Rotich isn’t the only one on trial, Jubilee bosses are also in a spot
By George Kegoro | July 28th 2019
Bringing charges against Treasury Cabinet Secretary Henry Rotich (pictured), is the most audacious action that the Director of Public Prosecutions (DPP) Noordin Hajji has taken since he took office a little over one year ago. His action is audacious not just because Rotich occupies the highest Cabinet office, but also because his arrest has implications for the internal relations in the ruling Jubilee party. Hajji has previously been criticised for failing to act against senior officials regarded as having been involved in egregious corruption scandals that have taken place in the Jubilee government, while also facing accusations that some of his prosecutions are a hatchet job for the political establishment. He must now be hoping that his decision to prosecute Rotich will demonstrate his independence, even win him admirers.
While everyone in Jubilee has expressed public support for the fight against corruption, from which the arrest of Rotich springs, Deputy President William Ruto has shown some prevarication, and at times appeared to contradict the party’s stated commitment to fight corruption. In relation to the Kimwarer and Arror dams, over which Rotich is now charged, the Deputy President appeared to minimise the funds lost in the scandal when he publicly declared that a smaller sum of money than that claimed by law enforcement of authorities was lost. The arrest of Rotich, whom the Deputy President appeared to be defending, is the strongest evidence yet of the perceived strains inside the Jubilee party where President Uhuru Kenyatta and deputy Ruto are thought to be pulling apart.
It would appear that the DPP is learning from past situations where arrests were made when investigations were still incomplete. On the day that Rotich and his co-accused appeared in court, the representative of the DPP declared that he was ready for an immediate commencement of the trial.
This case will, however, not move as quickly as the DPP would have hoped. Rotich is charged alongside 27 other people. That number forms a crowd, the management of which will inherently be slow for the court. If a different lawyer represents each of the 28 people, that will be 56 people that the court must manage. In the comparable Goldenberg and Anglo Leasing scandals there were less than 10 accused persons. Still the cases moved very slowly in court. Delay in the completion of the cases led to ever-declining public interest, making their eventual termination a non-event. By the time that Kamlesh Pattni was discharged from his trial for the Goldenberg scandal in 2013, the case had been in court for in court for 17 years. During that time, three of his co-accused had died. Going by the record of these similar cases, it is safe to assume that Rotich’s trial will outlive Kenyatta’s second term.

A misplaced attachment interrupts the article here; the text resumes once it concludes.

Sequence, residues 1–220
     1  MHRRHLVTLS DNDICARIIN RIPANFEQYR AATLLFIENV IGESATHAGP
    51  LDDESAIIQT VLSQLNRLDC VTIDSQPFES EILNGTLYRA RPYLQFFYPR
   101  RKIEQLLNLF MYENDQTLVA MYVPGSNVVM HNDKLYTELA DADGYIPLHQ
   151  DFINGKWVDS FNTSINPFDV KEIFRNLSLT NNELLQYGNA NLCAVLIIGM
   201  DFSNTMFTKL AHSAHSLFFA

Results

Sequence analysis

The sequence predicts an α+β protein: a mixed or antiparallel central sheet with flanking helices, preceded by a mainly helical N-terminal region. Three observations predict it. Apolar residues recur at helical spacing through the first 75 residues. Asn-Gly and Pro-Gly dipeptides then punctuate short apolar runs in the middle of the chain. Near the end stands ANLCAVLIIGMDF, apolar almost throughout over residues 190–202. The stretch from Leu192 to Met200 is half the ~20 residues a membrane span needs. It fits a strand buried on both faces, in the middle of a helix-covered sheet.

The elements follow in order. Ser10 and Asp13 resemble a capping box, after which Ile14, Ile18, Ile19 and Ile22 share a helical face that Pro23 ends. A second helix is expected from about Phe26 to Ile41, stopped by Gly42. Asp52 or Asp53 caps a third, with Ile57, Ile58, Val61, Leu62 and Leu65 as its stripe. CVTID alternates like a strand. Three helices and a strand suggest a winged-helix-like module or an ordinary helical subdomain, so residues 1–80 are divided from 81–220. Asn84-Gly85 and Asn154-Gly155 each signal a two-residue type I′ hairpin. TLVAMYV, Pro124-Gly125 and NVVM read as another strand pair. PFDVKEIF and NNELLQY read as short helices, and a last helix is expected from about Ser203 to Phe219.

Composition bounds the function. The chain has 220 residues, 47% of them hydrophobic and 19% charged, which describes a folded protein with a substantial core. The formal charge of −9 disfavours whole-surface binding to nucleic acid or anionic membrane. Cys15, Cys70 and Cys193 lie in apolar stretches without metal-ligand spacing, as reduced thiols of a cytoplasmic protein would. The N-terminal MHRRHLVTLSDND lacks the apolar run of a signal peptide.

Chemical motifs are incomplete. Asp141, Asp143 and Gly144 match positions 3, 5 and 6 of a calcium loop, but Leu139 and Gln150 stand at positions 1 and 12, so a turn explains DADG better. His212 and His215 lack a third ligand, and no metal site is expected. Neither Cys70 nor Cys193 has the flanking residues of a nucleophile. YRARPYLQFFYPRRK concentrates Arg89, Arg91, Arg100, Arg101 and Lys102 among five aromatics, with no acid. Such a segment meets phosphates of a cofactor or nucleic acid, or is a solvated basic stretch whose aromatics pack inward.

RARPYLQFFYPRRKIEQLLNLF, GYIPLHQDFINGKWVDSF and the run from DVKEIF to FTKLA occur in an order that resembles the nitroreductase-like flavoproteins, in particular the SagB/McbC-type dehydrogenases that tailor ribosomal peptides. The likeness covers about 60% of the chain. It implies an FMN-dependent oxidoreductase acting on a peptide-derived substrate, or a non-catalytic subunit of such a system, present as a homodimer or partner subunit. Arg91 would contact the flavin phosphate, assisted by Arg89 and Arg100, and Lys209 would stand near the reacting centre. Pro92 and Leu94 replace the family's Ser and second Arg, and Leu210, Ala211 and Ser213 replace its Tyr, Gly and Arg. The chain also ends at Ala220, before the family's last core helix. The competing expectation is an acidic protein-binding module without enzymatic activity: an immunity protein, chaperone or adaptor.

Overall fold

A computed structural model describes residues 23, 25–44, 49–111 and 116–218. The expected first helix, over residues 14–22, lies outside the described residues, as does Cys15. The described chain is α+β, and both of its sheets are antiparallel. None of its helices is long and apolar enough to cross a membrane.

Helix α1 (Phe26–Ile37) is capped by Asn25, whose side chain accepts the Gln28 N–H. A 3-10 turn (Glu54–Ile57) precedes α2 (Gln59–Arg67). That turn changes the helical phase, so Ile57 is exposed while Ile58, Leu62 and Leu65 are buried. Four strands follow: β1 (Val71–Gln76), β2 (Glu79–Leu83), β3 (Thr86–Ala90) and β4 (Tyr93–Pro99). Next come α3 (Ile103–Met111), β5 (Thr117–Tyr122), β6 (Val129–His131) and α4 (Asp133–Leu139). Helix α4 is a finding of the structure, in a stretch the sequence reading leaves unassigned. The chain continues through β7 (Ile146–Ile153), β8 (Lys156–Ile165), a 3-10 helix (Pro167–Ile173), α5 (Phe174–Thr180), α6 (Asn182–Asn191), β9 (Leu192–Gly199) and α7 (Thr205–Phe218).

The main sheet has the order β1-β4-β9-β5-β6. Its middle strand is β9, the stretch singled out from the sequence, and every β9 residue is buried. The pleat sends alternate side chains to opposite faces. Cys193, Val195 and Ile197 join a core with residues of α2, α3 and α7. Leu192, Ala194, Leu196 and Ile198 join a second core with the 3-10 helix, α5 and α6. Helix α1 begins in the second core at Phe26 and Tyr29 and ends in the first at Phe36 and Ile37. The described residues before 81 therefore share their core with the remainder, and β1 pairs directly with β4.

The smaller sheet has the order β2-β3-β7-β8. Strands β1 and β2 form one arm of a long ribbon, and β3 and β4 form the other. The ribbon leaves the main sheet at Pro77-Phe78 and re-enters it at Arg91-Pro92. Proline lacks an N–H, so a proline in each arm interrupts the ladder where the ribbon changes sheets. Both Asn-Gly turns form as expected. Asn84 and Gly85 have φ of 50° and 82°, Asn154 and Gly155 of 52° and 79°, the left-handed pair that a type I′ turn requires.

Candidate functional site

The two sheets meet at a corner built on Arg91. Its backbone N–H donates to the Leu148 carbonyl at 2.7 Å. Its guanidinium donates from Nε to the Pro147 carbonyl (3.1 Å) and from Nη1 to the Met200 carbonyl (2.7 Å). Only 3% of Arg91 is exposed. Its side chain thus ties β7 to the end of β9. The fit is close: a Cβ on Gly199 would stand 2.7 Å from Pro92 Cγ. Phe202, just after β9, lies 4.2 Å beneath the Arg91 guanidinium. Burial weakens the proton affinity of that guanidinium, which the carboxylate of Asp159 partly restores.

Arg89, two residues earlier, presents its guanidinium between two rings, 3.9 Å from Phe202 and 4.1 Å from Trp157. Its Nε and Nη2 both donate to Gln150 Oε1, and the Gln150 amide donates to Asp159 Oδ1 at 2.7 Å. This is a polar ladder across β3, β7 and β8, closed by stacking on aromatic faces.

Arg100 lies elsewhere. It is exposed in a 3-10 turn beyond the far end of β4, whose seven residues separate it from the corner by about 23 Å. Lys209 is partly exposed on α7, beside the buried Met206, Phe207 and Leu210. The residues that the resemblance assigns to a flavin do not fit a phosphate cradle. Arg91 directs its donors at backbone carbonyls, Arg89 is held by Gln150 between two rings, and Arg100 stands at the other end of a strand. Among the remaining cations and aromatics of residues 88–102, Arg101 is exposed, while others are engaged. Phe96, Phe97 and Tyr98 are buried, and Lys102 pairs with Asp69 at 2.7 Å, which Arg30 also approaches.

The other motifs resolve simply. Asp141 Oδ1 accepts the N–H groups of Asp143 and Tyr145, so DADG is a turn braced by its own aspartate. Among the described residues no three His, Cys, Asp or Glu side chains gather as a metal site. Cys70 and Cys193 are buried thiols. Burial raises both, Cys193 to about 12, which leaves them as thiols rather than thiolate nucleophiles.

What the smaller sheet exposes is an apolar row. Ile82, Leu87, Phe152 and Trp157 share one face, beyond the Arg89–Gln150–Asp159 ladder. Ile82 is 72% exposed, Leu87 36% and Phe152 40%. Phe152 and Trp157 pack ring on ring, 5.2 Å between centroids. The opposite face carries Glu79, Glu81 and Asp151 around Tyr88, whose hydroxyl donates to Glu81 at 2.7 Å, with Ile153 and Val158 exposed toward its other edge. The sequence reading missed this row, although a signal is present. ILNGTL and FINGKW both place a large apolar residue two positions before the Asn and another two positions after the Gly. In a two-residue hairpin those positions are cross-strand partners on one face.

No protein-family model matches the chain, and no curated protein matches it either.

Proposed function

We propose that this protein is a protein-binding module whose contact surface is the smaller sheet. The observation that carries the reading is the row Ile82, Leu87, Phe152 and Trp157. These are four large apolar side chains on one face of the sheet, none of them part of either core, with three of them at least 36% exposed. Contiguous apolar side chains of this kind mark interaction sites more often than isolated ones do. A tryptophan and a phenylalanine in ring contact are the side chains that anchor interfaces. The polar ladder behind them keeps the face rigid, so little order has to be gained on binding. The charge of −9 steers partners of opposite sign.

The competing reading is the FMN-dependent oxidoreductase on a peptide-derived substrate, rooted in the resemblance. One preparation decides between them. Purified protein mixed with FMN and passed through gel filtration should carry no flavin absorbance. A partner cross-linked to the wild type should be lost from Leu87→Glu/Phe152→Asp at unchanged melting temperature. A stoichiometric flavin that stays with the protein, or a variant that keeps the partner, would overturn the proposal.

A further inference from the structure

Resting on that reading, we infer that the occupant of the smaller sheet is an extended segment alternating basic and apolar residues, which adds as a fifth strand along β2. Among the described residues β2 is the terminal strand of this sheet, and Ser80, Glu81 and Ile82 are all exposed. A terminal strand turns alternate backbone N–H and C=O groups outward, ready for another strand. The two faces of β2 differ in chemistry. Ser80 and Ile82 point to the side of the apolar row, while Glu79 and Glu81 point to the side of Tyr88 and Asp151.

Rotich faces corruption charges the context of which is that public funds were paid for dam projects “without prior planning.” On its way to taking power in 2013, Jubilee wrote a manifesto declaring an end to “needless suffering and strife,” that Kenyans had experienced for years and announcing that the party would “immediately deliver accelerated economic growth, higher living standards, better healthcare and more jobs.”
This was the beginning of the idea of instant development, a uniquely Jubilee invention that was supposed to be consistent with its “digital” self-view, and a contrast with a supposedly more plodding or “analogue” approach that all previous governments had applied to economic matters. The noted “suffering and strife: was the result of that previous approach which it was now Jubilee’s mission to reverse. This approach came to be summarised into Ruto’s kusema na kutenda. Later, and as part of the new era of instant development, Machakos Governor Alfred Mutua, a Jubilee adherent, would go on to oversee the tarmacking of roads in his county at “supersonic speed,” as he put it himself. As part of this, a 21km road was tarmacked in less than four hours.
Acted without planning
If Rotich acted without planning, as the accusation against him asserts, this is not the first time a representative of the government faces accusations of acting without planning.
The Huduma Namba, the new education curriculum and the Big Four agenda are some of the projects that have had to brush aside concerns that little planning preceded implementation.
Therefore, the trouble in which Rotich now finds himself is rooted in Jubilee’s repudiation of planning, and the accountability that it brings, as a prerequisite to implementation.
In that sense, while Rotich allegedly committed an offence, similar previous conduct has not necessarily elicited sanction. In this sense, while he is the most senior person in the dock, Rotich is not the only one on trial. His bosses in Jubilee, who have fostered a culture of instant decisions, of action before reflection, of decisions before the evidence, are on trial too.
- The writer is the executive director at KHRC. [email protected]
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